by Norissa Williams
A psychologist friend of mine—who I have increasingly come to admire for his tenacity—was sharing a bit of the first phase of his career development journey with me.
One blind to the behind-the-scenes lives of pre-tenured professors—in tenure track positions—might not imagine how real the pressure is. While it isn’t quite the trading room floor of the New York Stock Exchange, it isn’t a walk in the park either. There are pressures to teach, write, publish and secure grants in a short amount of time—never mind having a personal life.
In relaying the challenges of this academic grind, the good doctor shared with met that in his office he kept a canvas with paint and brushes. With the submission of an article, a proposal, or a grant, he paints a stroke of color on the canvas.
“Hmph! Intriguing!” I thought. Here was a spin on a recent post of mine about getting the most out of life by enjoying the process. Notice, commemorating paint strokes didn’t come after being awarded a grant or article submission—which is clearly the end goal—but strokes came with the acknowledgement and celebration of effort, while in “process,” or on the way to his desired goal.
We don’t do that enough.
We often wait for some kind of external validation before we celebrate—or see the value in—the things we’ve done and learned en route to our goals. In a capitalist society, we’re socialized to think in terms of “product,” not, “process.”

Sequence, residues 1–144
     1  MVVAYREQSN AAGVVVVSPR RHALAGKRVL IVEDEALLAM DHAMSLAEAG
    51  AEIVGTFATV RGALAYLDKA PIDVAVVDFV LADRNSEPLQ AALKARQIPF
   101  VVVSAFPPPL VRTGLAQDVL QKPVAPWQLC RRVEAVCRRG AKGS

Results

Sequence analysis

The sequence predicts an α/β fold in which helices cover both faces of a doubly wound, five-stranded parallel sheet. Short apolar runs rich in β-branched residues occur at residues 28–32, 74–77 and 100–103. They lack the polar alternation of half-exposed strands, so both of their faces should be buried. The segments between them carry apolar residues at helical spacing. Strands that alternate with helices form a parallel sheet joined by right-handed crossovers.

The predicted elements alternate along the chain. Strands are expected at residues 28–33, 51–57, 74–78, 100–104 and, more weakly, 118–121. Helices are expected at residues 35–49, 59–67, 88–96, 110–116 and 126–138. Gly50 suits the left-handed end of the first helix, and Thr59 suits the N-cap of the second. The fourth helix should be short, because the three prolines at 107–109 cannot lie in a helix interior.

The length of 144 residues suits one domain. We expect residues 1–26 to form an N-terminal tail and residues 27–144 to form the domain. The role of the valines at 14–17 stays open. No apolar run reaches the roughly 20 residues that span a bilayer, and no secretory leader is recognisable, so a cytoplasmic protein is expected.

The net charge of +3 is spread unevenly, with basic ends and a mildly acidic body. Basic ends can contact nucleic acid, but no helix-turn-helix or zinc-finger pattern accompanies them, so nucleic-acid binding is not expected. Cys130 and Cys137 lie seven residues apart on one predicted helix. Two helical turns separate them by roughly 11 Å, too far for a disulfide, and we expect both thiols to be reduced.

What would happen if we more readily celebrated ourselves and our efforts along the way?
Weight Watchers has it built into their system. You don’t have to get to your 15 point weight loss goal to celebrate. If you were shrewd and disciplined enough to have refrained from weight inducing food intake during the week, you’re rewarded with a few delectable points with which you can splurge on foods of your choice at the end of the week. I’ve done it before. Not only does the success feel good, but celebrating my steps in the journey made me feel like, “Look at me! I can do this.” In addition, it serves to self-correct in real time. Too much blankness on my friend’s canvas motivates him to get back on his grind—to fill up that canvas.
It’s probably not Weight Watchers or tenure-track professorship aspirations for you. Maybe it’s finishing school, writing a book, watching your toddler grow or something as seemingly simple as making friends. In either scenario I encourage you to see value in all of it, not just accomplishment of the end goal. Sure, be productive. Have high standards, but focus on the quality of your effort—not solely numeric measures of success.
In addition to seeing the canvas as a concrete way to celebrate effort and mini-goals, we can also think about this painted canvas as a metaphor for life. The many abstract colors that will fill this canvas—though they represent blood, sweat and tears—also represent how beautiful our lives are if we step back, not looking solely at individual strokes, but the collection of strokes that exemplify the many wins of our lives.
[info_box type=”alert_box”]Caring for yourself including takes care of your finances. I encourage all ladies who are serious about self-care to go on The Happy Finances Challenge. In 42 days you can learn to make money decisions that will lead to long-term financial happiness. [/info_box]